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Writing Center

Writing Resources

Commonly Confused Words

by Ernest Williams
 
 

affect/effect
 

Usually affect is a verb, meaning "to influence," and effect is a noun, meaning "result."Social activities may affect your grades, but the effect had better be small!


between/among

 

Between is used when two are concerned, whereas among is used when more than two are concerned.

Between you and me, these mistakes are common among all of us.


its/it's
  
 

It's means 'it is." Its, on the other hand, indicates possession.

"It's a wise dog that scratches its own fleas" (Strunk and White 1).


farther/further
 

Farther refers to additional distance; further refers to additional time, amount, or other abstract matters.

You may be further from an "A" than you think, so when you study, go no farther than the best place to concentrate.


feel/think
 

In common usage, feel means to sense, to be emotionally affected by something, or to have a general conviction of something. Think means to use reason, to examine with the intellect.

I think that you can write better than you have, but I feel encouraged by the improvements in your writing.


less/fewer
 

Less refers to bulk amounts, whereas fewer refers to separate (countable) items.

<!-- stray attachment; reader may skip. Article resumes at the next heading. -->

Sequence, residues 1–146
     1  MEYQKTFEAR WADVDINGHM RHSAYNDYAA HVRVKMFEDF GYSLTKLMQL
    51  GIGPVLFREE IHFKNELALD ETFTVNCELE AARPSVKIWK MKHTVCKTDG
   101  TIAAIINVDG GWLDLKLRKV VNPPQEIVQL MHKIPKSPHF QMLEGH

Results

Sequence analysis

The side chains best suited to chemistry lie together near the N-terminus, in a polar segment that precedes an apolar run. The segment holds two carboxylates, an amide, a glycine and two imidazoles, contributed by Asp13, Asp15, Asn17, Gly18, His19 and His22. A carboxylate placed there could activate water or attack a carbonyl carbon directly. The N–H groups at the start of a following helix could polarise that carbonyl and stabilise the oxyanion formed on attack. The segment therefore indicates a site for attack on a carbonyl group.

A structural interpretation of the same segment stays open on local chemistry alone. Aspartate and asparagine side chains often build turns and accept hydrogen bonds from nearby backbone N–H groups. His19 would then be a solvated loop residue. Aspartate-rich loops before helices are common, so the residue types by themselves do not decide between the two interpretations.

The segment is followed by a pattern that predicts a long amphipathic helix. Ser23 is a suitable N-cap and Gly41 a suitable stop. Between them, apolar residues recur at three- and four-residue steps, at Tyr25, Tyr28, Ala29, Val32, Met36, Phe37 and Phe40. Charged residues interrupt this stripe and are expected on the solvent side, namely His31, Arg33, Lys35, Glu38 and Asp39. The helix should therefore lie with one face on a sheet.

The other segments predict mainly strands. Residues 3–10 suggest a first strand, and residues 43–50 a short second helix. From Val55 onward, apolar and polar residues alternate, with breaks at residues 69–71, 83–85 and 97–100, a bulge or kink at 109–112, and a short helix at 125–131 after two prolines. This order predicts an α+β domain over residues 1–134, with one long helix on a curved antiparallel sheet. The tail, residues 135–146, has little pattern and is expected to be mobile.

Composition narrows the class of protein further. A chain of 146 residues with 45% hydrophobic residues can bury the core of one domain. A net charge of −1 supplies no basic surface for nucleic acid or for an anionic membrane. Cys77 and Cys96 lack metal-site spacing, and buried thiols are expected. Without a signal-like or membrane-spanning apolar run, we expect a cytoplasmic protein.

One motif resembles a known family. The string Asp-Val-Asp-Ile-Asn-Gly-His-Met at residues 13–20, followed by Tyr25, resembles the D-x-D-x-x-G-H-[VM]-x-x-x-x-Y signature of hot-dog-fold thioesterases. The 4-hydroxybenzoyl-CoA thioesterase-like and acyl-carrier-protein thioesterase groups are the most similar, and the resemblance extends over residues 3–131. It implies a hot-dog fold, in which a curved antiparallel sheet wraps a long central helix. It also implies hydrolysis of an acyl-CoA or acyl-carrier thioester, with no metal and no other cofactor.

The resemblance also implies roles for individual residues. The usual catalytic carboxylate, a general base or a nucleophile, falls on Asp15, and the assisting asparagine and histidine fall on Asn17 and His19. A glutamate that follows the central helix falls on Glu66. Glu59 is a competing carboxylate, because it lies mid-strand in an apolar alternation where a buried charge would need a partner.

Those with less knowledge receive fewer high grades.


since/because
 

Since is often used to mean because: "Since you ask, I'll tell you." Its primary meaning, however, relates to time: "I've been waiting since Tuesday for the letter." Most people now accept since in place of because; however, when since is ambiguous and may also refer to time ("Since she went to college, he found another girlfriend"), it is better to use because or after, depending on which you mean.

Because you are intelligent and careful, your writing has improved since the beginning of this course.


which/that
 

Use that in restricting (limiting) clauses that provide essential, identifying information: "The rocking chair that creaks is on the porch." You are singling out one chair from two or more chairs.

Use which in non-restrictive clauses, clauses that provide non-essential, parenthetical information: "The rocking chair, which creaks, is on the porch." You have one rocking chair, and it creaks.


If unsure whether a clause is restrictive or not, try omitting it. Omitting a restrictive clause will change the core meaning of your sentence.
 
Note: A non-restrictive which clause has commas around it; a restrictive that clause has none.
 
Also note: In both restrictive and nonrestrictive clauses, use who for people.
 
A technique that can improve your writing is proofreading, which can show you unintentional errors.
 

Works Cited

Strunk, William, Jr., and E.B. White. The Elements of Style. Needham Heights: Allyn & Bacon, 2000.
 
Thanks to Professor Ernest Williams for this handout.